The vision of musical history contained in Rock ‘Till You Drop is equally short-sighted. For Strausbaugh, the high point of rock culture occurred during the 1960s, yet he reduces that rich and varied decade into a monolithic exercise in anger and rebellion. “Our music, rock music,” he writes, “was a music of youth, of the new, of now; a music of high energies and experimentation and change and revolt.” While this set of attributes may apply to groups with a compelling, if simple-minded, political agenda like the Jefferson Airplane, the Doors, and even the MC5, it only dubiously describes an abundant amount of the music produced at this time. How many garage bands thought of themselves in revolutionary terms? When the Count Five activated a “Psychotic Reaction” in their fans or the Standells addressed their passion for the “Dirty Water” of Boston, they were not assuming their audience would break through the bonds of conformity. Even a group as musically progressive as the Velvet Underground seemed to shun overt didacticism, and Frank Zappa’s Mothers of Invention poked fun at the absurd idealism of their peers.
Strausbaugh erects his notion of rock’s predilection for cultural activism upon a misguided distinction between rock and pop. He argues that the former is driven by an insatiable desire for self-statement, while the latter succumbs to a disreputable desire for nothing more than commercial success. This is a dubious delineation at best, unacceptable as a statement about either musicianship or economics. In my view, to assume that even those musicians with a social conscience disdain the trappings of affluence altogether is absurd. Material success may come about as an intended by-product of pursuing a personal vision but few musicians, then or now, have been known to turn down the profits they accrued.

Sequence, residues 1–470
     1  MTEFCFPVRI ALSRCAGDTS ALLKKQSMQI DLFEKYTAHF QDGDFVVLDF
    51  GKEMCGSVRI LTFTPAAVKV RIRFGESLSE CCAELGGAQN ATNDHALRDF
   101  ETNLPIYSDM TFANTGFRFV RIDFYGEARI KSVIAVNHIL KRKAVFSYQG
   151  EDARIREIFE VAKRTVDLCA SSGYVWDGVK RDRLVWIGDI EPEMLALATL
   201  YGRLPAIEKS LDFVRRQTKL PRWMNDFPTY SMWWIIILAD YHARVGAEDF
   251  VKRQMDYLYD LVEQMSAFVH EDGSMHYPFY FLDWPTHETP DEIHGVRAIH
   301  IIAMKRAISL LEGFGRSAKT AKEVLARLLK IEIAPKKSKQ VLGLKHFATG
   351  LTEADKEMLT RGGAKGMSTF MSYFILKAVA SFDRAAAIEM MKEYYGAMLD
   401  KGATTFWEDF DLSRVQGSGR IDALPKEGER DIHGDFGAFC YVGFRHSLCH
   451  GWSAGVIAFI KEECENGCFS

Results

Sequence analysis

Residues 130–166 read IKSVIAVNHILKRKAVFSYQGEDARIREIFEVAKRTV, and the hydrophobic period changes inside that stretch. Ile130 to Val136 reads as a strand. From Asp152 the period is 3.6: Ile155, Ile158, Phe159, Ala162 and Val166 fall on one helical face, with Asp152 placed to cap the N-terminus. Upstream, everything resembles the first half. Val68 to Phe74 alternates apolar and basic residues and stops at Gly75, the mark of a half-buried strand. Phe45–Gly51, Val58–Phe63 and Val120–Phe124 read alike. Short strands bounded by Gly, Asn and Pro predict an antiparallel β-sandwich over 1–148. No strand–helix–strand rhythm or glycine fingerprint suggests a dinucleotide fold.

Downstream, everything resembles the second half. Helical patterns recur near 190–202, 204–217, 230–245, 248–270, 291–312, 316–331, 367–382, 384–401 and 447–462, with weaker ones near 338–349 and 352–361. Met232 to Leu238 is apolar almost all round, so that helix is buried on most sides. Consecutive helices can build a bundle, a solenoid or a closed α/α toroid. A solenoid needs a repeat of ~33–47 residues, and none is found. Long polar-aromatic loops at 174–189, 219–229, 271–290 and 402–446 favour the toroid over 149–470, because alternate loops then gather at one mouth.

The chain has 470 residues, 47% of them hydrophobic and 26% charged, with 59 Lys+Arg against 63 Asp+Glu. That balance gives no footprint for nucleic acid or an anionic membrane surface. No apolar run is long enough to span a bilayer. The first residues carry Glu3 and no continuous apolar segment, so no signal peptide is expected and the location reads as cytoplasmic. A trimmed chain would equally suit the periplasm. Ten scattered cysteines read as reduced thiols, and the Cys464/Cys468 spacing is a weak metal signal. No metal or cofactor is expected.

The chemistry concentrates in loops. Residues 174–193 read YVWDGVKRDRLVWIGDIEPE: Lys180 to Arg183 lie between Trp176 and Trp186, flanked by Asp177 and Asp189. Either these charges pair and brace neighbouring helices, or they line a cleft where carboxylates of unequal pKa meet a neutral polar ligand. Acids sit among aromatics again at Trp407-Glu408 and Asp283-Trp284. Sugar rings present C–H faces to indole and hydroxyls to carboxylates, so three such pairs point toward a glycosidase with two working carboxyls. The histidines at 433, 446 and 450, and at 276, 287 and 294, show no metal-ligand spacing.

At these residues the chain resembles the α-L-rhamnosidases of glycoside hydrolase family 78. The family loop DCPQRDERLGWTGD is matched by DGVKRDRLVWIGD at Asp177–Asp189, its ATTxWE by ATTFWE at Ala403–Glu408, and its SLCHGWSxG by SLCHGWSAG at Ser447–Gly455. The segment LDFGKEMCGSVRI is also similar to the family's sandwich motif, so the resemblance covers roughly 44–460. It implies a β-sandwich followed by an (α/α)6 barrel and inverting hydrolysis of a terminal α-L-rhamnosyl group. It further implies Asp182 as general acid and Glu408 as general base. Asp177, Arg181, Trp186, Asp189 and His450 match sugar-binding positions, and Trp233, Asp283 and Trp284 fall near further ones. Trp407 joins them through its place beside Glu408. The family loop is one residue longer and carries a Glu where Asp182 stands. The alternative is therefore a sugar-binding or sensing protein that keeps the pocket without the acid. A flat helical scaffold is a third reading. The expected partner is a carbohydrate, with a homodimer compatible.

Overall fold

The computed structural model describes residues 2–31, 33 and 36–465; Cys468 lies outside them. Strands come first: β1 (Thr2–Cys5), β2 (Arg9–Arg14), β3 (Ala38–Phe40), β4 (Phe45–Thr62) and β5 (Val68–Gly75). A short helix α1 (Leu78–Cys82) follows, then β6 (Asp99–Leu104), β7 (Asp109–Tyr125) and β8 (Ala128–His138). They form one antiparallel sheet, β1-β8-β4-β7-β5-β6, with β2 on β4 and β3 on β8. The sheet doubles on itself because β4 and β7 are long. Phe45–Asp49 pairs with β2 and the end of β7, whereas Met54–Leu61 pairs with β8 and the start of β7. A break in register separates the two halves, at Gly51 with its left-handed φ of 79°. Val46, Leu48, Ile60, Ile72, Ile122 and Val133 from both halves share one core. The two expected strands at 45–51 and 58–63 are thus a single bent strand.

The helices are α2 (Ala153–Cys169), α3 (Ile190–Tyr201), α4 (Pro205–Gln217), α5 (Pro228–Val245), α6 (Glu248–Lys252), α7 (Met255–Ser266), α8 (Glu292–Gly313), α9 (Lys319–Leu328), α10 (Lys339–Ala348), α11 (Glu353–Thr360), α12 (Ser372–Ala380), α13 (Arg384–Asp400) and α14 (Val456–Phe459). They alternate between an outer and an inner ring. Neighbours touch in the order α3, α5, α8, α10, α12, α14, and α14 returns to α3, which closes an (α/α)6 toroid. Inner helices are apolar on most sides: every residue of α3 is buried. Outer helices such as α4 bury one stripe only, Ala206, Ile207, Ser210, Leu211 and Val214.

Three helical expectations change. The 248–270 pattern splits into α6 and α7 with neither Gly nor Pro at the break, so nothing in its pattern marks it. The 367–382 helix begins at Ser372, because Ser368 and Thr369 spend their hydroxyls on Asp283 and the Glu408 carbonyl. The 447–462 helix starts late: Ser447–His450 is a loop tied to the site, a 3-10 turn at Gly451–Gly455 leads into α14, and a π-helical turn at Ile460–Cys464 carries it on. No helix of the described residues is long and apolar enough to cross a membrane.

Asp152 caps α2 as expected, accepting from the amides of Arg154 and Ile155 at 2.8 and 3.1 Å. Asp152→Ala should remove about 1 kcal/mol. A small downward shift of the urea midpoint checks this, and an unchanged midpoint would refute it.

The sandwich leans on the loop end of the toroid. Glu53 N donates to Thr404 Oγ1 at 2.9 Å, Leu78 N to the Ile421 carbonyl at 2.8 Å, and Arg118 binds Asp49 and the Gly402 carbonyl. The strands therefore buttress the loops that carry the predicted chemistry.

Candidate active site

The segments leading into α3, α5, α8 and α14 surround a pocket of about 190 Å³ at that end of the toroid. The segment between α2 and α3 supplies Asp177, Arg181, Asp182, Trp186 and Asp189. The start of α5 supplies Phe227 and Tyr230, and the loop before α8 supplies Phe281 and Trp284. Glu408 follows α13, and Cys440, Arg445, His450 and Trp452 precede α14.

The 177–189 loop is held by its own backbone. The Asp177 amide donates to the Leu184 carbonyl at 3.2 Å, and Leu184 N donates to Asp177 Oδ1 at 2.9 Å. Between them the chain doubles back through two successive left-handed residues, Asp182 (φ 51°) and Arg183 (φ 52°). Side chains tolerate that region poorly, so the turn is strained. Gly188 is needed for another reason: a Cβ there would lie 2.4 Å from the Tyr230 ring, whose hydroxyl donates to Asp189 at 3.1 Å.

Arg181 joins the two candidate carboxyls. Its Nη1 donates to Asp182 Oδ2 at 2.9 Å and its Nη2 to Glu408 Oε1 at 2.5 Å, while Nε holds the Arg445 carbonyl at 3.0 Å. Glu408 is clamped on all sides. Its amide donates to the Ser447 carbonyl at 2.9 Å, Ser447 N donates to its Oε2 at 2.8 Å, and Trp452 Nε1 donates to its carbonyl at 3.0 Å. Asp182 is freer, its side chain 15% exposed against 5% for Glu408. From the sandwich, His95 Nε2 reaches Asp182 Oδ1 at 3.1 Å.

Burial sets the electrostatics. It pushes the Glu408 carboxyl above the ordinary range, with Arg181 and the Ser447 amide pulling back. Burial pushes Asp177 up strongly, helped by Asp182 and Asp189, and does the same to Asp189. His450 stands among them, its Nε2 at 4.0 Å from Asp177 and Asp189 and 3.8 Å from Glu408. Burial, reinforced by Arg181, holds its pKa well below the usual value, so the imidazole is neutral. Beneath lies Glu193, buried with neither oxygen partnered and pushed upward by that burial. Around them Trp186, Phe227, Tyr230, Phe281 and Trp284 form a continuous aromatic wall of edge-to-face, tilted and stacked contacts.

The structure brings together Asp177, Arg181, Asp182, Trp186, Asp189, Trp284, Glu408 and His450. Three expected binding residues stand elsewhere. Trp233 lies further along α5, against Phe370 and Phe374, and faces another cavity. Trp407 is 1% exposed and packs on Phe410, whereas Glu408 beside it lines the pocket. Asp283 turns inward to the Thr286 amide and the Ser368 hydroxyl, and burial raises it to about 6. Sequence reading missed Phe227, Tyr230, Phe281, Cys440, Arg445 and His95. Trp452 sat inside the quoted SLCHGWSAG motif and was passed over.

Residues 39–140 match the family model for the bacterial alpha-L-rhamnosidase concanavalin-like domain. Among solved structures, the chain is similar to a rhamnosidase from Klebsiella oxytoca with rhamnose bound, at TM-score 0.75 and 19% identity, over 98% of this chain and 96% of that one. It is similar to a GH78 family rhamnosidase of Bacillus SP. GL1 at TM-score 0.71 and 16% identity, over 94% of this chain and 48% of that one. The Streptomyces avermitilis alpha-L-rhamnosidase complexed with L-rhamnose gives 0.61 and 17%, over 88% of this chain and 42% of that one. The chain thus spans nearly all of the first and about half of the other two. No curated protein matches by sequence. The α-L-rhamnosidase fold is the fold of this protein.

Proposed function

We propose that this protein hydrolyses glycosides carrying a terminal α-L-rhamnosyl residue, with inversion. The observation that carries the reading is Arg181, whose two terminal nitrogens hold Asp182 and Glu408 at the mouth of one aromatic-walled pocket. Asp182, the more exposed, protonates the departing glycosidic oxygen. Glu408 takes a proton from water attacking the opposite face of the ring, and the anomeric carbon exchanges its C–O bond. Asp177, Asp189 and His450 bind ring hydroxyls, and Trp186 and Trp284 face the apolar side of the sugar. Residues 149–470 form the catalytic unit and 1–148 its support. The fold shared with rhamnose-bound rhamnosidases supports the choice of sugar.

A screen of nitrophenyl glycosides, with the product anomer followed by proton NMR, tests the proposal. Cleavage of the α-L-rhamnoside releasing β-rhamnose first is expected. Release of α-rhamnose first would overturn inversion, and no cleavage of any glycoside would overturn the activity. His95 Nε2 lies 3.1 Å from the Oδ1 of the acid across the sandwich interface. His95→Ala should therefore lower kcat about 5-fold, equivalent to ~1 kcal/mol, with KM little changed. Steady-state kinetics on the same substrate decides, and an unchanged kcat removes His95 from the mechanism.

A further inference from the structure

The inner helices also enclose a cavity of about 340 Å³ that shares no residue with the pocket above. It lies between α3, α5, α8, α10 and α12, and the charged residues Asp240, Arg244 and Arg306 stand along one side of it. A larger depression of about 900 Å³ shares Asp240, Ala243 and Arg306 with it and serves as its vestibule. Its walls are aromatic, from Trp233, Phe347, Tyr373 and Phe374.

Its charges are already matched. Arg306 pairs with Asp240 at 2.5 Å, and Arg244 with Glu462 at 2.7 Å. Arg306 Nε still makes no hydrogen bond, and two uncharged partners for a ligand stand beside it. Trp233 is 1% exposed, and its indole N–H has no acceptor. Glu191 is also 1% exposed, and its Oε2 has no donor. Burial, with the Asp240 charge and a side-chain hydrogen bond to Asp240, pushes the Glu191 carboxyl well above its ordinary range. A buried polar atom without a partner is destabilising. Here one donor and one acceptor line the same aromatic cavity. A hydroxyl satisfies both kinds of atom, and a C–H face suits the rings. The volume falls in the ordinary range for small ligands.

One gets the impression that Strausbaugh wished Rock ‘Til You Drop to puncture the complacency of those fatuous rock stars who have overstayed their welcome in the public arena. Declaring that the emperor needs a facelift, however, will not eradicate the monarchy nor alleviate much of the public’s adoration of celebrity. The next time the Rolling Stones tour, millions will shell out their hard-earned dollars to watch Mick Jagger ceremonially implore their sympathy for the devil. In the end, Strausbaugh’s belief that the boomer generation, both musicians and fans, has by and large failed to gracefully accept the need to pass the cultural baton to their descendents possesses a fair degree of conviction, yet Strausbaugh deflates his case through rhetorical overkill and unnecessary repetition. While he clearly hopes to punch holes in celebrity culture, Strausbaugh comes across as simply opinionated and cranky, one more unhappy music fan watching individuals he once venerated making fools of themselves.
"The stories in this collection are circular, puzzling; they often end as cruelly as they do quietly, the characters and their journeys extinguished with poisonous calm.READ the article